He came from Canada, by way of New Zealand.
Alex Chiet is a native Kiwi who moved to Toronto in 2011 to become the chief technical officer of the Ontario Soccer Association. His job was to help implement a long-term player development plan that was created by the OSA in 2011.
You might have already heard about some of what the OSA has gone through, because two people who are involved with it are quite prominent on the soccer social media scene. I have to disclaim that they are both good friends of mine, and they tipped me off to the existence of Chiet’s seminar.
One is Jason de Vos, the color analyst for MLS broadcasts on TSN. In addition to his broadcasting work, he was the technical director of Canada’s largest youth soccer club, Oakville Soccer, from 2010 to 2012. De Vos has had a big role in shaping the OSA’s development strategy, and he often uses his Twitter account as a bullhorn.
The other is Ben Rycroft, who founded CanadianSoccerNews.com in 2008. From there, he became a columnist for the Canadian Broadcasting Corporation’s website, and led a big investigation into match-fixing in Canadian semi-pro soccer. Most recently, he became the Canada columnist for World Soccer magazine.
Last month, Rycroft stepped down from CSN to run the OSA’s media relations. He wrote a great essay about why he made the move that you can read here.
Thanks to de Vos and Rycroft, I ended up in a conference room at the Pennsylvania Convention Center that was a bit off the beaten path. I wasn’t sure what I was in for, but I’m glad I made the trip.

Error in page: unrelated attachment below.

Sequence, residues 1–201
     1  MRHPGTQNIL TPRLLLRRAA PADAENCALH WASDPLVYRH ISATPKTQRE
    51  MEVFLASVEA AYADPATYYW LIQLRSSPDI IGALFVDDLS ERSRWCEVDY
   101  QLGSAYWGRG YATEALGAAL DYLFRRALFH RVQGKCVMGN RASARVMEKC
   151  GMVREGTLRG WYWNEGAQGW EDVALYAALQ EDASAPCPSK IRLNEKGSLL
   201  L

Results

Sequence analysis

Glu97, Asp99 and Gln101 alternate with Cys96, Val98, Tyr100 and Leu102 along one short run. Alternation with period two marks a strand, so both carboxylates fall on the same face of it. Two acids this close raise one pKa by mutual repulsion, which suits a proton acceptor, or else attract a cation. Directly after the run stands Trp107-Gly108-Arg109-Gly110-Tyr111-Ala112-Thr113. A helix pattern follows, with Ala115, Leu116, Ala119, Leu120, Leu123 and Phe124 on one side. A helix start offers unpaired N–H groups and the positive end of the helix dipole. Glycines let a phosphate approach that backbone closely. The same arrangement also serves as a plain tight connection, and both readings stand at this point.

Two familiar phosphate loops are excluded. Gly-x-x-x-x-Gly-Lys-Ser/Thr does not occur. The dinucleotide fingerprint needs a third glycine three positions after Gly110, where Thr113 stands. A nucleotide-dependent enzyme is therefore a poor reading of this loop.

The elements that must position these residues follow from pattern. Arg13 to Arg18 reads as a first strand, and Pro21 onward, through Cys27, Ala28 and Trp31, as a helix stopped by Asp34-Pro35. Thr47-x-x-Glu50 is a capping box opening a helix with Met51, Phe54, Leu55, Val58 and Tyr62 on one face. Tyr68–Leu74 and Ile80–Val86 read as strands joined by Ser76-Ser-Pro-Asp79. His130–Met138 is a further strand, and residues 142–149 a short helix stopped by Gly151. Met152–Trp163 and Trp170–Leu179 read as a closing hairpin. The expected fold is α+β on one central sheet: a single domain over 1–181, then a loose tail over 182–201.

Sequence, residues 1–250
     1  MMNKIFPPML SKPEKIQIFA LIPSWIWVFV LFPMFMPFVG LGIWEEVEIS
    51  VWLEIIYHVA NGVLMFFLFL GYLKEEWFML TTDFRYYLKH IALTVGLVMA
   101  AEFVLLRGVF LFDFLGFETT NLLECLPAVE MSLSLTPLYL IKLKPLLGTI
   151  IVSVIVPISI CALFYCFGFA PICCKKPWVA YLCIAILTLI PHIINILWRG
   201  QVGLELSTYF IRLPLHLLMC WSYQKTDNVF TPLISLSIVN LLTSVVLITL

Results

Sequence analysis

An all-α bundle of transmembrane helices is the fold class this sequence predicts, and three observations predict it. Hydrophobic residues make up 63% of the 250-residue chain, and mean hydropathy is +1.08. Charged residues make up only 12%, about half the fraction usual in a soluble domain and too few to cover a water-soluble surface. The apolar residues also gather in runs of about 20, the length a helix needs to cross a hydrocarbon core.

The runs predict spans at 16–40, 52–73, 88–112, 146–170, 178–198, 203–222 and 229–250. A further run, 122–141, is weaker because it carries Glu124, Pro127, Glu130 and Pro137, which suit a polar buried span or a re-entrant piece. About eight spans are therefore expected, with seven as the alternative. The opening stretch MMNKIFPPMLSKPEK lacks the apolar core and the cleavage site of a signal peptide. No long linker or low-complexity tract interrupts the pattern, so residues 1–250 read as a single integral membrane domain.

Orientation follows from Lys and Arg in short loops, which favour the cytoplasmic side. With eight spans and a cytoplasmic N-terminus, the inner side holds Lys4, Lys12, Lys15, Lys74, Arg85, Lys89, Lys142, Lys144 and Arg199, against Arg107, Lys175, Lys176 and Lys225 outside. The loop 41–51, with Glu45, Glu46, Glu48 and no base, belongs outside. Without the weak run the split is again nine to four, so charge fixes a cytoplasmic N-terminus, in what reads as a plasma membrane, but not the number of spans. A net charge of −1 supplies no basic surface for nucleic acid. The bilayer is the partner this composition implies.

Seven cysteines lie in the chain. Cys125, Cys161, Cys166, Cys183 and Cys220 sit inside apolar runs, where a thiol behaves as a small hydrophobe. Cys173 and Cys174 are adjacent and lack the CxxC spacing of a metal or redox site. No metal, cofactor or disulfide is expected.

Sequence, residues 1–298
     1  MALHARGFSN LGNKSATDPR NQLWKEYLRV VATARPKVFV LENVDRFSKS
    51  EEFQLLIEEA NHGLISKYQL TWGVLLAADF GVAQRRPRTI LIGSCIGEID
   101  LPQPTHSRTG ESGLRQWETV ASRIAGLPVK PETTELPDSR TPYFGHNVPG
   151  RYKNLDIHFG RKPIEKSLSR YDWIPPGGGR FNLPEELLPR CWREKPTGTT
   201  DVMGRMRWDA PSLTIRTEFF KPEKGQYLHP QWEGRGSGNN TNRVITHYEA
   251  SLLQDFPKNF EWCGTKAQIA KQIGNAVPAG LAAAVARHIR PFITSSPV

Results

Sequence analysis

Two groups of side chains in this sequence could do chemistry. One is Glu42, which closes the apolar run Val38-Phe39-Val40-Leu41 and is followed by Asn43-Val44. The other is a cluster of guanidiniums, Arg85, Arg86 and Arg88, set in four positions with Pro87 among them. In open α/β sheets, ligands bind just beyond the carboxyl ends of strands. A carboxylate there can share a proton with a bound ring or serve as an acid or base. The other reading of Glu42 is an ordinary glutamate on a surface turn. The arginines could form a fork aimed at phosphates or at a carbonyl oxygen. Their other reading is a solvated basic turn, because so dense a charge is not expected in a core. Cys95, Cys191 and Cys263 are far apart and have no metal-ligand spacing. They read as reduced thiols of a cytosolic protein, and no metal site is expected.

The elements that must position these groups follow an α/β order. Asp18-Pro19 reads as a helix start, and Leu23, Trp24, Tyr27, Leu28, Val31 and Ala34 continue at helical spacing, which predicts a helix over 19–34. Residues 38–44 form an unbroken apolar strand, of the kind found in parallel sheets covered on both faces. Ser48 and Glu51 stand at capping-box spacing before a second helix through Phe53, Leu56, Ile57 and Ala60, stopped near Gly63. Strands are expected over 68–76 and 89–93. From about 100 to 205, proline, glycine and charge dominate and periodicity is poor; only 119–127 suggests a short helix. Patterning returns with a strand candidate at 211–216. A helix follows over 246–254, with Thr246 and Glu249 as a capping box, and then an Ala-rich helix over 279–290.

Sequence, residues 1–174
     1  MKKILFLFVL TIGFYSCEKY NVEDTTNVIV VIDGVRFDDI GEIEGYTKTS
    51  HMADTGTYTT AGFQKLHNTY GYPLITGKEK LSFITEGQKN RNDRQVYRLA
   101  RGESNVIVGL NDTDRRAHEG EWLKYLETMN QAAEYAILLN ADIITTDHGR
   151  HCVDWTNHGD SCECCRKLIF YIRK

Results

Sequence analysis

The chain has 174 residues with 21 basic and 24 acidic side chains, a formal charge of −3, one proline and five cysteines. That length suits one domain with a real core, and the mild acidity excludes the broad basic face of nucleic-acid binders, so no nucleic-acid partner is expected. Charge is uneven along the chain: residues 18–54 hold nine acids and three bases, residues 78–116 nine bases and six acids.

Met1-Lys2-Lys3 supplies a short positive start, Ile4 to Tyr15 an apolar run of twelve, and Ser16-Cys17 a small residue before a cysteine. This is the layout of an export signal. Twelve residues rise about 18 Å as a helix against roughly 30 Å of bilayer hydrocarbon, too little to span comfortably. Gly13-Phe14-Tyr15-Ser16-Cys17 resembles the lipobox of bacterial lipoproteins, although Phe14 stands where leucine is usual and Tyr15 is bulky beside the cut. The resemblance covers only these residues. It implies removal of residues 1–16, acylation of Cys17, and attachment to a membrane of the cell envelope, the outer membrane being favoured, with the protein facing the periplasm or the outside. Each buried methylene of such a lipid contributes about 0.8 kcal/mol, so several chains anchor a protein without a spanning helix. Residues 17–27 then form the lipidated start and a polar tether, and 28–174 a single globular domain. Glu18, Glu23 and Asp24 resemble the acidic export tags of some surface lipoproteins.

Chiet’s seminar was entitled “Pushing Through The Predictable Pushback.” For as the OSA implemented its LTPD strategy, the pushback was indeed predictable.
It came mainly from people who benefitted from the old system. Most of those people were parents who had made a big emotional investment in their kids, and coaches whose job security was based on wins and losses.
As Chiet spoke, I tweeted out a few highlights from the plan. The most controversial, not surprisingly, was a mandate to eliminate all scores and standings from under-8 to under-12 age groups. There was also a mandate to eliminate promotion and relegation in all under-12 leagues, whereas in the past there had been pro/rel down to the under-9 level.
When Chiet was done speaking, I sat down with him for a few minutes to talk about the OSA’s progress during his tenure, and what Americans can learn from it.
The first question I have is one that I have run into with a lot of people that I have met who are very invested in youth soccer. How do you orient coaches away from the win-at-all-costs mentality when their jobs are based on results?
You’ve got to approach that change at a variety of levels. To start with, one thing would be national direction. Showing that this is a national initiative, with evidence that supports why the change is happening.
Secondly, it’s about education. It’s got to be part of a bigger plan, and they’ve got to see where they fit in the plan. We may be leading the change as a provincial body, but unless they are getting the messages down at the club boards, the district boards - if you can get into the administrational level of governance, and there’s understanding and buy-in, then it helps make those changes at a grassroots level.